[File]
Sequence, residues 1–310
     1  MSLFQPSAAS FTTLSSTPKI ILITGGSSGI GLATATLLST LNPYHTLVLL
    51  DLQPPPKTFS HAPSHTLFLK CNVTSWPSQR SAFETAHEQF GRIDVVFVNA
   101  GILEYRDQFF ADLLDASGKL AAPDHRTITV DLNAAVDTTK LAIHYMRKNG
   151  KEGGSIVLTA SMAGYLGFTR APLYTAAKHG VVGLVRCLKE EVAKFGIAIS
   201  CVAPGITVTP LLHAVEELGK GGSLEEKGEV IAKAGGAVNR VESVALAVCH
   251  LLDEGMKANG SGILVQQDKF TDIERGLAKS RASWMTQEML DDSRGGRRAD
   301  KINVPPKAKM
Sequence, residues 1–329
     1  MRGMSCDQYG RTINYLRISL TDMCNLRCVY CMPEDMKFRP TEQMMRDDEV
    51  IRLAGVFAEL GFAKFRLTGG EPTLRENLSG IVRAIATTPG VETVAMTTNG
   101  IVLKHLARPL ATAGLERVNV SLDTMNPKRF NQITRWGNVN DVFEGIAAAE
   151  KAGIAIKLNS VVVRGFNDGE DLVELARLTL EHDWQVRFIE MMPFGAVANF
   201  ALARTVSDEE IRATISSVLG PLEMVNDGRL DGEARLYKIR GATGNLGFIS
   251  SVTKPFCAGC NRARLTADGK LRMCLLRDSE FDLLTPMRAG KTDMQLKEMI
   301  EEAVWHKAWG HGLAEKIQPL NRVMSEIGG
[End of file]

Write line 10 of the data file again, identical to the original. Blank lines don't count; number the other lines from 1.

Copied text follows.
     1  MRGMSCDQYG RTINYLRISL TDMCNLRCVY CMPEDMKFRP TEQMMRDDEV